ScienceStart! Preschool Integrated
Curriculum For School Districts and Preschools
Valentine” “T Rex and Triceratops”
Obviously this is a
random string of words.
But? Anything else?
It’s likely to be a preschool
teacher’s outline of the lesson plan for the second or third week of February.
As preschools replaced daycare centers, classroom activities
shifted from predominantly play to a mix of play and teaching. However, with little guidance as to what
would be important to teach, individual teachers or groups of teachers at the
same location typically created ‘lesson plans’ in one of several ways. Often, lessons were driven by the calendar – Presidents’
Day and Valentines Day occur within a few days of each other. Other times - under the guise of early
literacy - they were driven by ‘the
letter of the week’ and all lessons were about something that began with a
particular letter; in five days, the class might learn about fish,
firefighters, frogs, flowers, and friends.
Other times, lessons were integrated around a particular theme – one or
two weeks about bugs, or space, or ponds.
Unfortunately, after more than 30 years of research addressing
the importance and effectiveness of PreK, most teaching in preschool is still
organized around random or near-random content.
Even commercially available curricula are not organized to help children
develop a content-rich knowledge base.
The ScienceStart! Preschool Curriculum assures that children develop a rich
knowledge base about their everyday world at the same time they develop skills
in scientific reasoning, mathematics, language and literacy. It is based on research in child
development and contemporary learning theory and builds on children’s
developmental need to understand their everyday world.
Using a simplified cycle of scientific reasoning (reflect
and ask, plan and predict, act and observe, report and reflect), ScienceStart! provides detailed daily preschool lesson plans. It engages children in carefully structured and sequenced investigations
of the natural world, including topics such as light, properties of matter,
simple machines, plants, and animals. At the same time, children also develop
science skills such as prediction, measurement, comparison, interpreting
observations, and explaining findings.
Each day’s lesson focuses on scientific exploration of the natural world.
The content of each day’s topic is integrated into all parts of the classroom
day, including. This exploration integrates
all of the activities of a typical preschool day, including art, read-aloud,
math, language and literacy, center based play, large group time, and small-
and large-motor activities.
The preschool curriculum meets standards set by states and by professional
organizations such as the Next Generation Science Standards (NSTA/NGSS) American
Association for the Advancement of Science (AAAS), the National Council of
Teachers of English (NCTE), and Common
Based on Research: This developmentally appropriate
curriculum is based on theories of human development, particularly those of
Vygotsky and Piaget and the expertise of the lead developer of ScienceStart! Prof.
Supported by Research: The National Science Foundation and the US Department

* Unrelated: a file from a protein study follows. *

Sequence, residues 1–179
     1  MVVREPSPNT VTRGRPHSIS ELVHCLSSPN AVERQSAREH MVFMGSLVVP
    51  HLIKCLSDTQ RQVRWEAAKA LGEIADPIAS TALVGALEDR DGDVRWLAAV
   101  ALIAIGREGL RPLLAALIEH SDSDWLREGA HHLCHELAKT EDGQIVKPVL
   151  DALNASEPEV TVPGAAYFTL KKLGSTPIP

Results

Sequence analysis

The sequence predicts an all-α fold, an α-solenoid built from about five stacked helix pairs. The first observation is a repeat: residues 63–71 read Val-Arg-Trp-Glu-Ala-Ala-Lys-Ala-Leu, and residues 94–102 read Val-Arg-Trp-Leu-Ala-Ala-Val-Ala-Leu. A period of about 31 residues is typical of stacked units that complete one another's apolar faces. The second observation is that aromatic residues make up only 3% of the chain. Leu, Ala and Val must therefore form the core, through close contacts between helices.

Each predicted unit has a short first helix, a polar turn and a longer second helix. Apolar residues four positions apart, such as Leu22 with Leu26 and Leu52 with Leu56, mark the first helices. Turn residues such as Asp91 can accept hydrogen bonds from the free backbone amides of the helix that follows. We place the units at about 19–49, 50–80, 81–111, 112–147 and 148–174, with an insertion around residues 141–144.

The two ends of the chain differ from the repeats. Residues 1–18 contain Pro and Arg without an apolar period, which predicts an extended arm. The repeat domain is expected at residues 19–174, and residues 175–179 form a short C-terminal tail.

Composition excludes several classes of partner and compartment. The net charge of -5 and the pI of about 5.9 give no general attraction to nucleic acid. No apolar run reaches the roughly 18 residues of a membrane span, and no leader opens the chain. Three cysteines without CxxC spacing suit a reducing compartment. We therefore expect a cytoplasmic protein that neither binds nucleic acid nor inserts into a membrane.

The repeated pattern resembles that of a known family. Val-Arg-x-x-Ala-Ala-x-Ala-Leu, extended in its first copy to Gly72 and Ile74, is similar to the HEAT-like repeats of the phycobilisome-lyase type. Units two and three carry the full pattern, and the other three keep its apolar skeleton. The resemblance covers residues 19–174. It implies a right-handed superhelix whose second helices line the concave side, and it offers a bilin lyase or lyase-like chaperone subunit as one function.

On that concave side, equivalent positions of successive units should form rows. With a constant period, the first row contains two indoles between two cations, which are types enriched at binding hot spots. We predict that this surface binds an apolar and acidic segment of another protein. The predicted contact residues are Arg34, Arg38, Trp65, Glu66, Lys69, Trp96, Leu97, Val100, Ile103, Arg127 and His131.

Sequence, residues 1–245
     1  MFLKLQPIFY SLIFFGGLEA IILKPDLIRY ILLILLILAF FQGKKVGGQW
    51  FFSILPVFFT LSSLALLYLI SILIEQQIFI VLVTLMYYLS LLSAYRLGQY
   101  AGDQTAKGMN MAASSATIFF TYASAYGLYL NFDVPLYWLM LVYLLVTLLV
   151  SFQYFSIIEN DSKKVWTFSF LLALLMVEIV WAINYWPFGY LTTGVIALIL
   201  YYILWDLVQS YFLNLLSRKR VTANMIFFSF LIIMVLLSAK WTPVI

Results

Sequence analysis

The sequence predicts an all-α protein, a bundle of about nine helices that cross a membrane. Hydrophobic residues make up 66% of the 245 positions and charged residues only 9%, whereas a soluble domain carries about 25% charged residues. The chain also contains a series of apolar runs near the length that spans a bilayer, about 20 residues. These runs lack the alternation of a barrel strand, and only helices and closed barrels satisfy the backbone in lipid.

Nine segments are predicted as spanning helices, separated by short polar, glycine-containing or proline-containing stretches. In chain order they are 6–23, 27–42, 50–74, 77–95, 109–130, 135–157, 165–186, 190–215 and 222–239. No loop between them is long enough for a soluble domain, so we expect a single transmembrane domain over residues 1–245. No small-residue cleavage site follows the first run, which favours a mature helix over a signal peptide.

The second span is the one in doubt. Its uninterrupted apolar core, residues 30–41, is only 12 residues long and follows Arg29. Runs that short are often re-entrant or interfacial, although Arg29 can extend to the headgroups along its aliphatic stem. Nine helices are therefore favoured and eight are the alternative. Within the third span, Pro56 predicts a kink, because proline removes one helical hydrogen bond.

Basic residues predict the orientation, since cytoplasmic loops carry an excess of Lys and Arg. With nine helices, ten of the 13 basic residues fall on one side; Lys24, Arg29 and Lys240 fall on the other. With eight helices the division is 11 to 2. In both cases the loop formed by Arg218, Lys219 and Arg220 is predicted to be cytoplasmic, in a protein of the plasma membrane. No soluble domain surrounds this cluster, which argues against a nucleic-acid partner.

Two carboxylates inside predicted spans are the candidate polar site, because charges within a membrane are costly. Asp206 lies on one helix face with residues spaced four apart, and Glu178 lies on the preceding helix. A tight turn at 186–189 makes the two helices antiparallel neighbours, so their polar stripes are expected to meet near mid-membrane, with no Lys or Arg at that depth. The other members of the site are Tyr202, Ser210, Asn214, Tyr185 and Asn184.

of Education funded Prof. French in developing this preschool curriculum as well as extensive research into its
effectiveness. Classroom observation and
pre- and post-tests of students demonstrated statistically significant gains in
both ordinary and ‘high-level’ vocabulary, age-appropriate literacy skills
including phonological awareness, print awareness, and alphabetic awareness.
Children in Head Start classrooms demonstrated similar gains.
Scope and Sequence is the means by which the
curriculum is translated into a series of lessons and activities that make
sense in terms of learning and content development. Scope and Sequence will
reflect what a curriculum emphasizes, be it integrated or experiential
learning or a disconnected topic based approach. In preschool and
elementary school scope and sequence should reflect what we know about child
development, how children learn (never at the same pace) and the careful
sequencing of skills and content that logically flow from one to the other.
Implementation Fidelity can be a forbidding phrase
but at its simplest it is a way to demonstrate that the teacher is following a
curriculum so that the desired student outcomes can be achieved. ScienceStart! is an open-ended preschool curriculum
that allows teachers and students to seek out their own topics to investigate at the same time they follow a particular approach to organizing these investigations. View the
ScienceStart! Implementation Fidelity Checklist.
ScienceStart!, Creative Curriculum, and High Scope An internet search of the effectiveness of various
preschool programs found many opinions but few rigorous research based studies.
We reviewed Creative Curriculum, High Scope and ScienceStart!. ScienceStart! is relatively
recent and has not been evaluated for effectiveness except by Prof. French at
University of Rochester. A review of
High Scope’s claim
for effectiveness is based on research undertaken as part of the Perry project
in the early 1970s. Rather than a focus
on particular content, the original High Scope curriculum was an approach to
learning that emphasized self-regulation or reflection, referred to as Plan, Do, Review. The 4-step science cycle used in
ScienceStart! incorporates this same type of reflective process.